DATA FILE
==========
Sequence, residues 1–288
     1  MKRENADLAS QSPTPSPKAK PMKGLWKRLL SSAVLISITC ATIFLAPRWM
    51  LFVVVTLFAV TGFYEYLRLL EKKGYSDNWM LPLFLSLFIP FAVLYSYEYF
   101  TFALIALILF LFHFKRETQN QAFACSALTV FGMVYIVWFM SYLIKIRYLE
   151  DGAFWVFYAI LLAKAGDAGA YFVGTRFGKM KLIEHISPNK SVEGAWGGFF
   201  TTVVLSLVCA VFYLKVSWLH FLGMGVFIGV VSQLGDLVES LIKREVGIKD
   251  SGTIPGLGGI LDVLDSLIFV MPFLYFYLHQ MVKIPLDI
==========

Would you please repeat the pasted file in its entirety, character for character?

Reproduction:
Sequence, residues 1–288
     1  MKRENADLAS QSPTPSPKAK PMKGLWKRLL SSAVLISITC ATIFLAPRWM
    51  LFVVVTLFAV TGFYEYLRLL EKKGYSDNWM LPLFLSLFIP FAVLYSYEYF
   101  TFALIALILF LFHFKRETQN QAFACSALTV FGMVYIVWFM SYLIKIRYLE
   151  DGAFWVFYAI LLAKAGDAGA YFVGTRFGKM KLIEHISPNK SVEGAWGGFF
   201  TTVVLSLVCA VFYLKVSWLH FLGMGVFIGV VSQLGDLVES LIKREVGIKD
   251  SGTIPGLGGI LDVLDSLIFV MPFLYFYLHQ MVKIPLDI